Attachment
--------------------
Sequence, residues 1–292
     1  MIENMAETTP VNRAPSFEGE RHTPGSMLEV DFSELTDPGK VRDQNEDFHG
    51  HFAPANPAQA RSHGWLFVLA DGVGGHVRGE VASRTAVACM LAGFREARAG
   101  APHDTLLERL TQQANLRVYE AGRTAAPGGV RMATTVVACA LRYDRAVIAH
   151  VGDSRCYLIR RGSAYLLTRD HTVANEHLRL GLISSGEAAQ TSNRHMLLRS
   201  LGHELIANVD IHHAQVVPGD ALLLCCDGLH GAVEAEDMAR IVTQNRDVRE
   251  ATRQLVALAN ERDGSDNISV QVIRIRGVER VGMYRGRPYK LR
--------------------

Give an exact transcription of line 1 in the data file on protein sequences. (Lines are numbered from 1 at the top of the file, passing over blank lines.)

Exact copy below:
Sequence, residues 1–292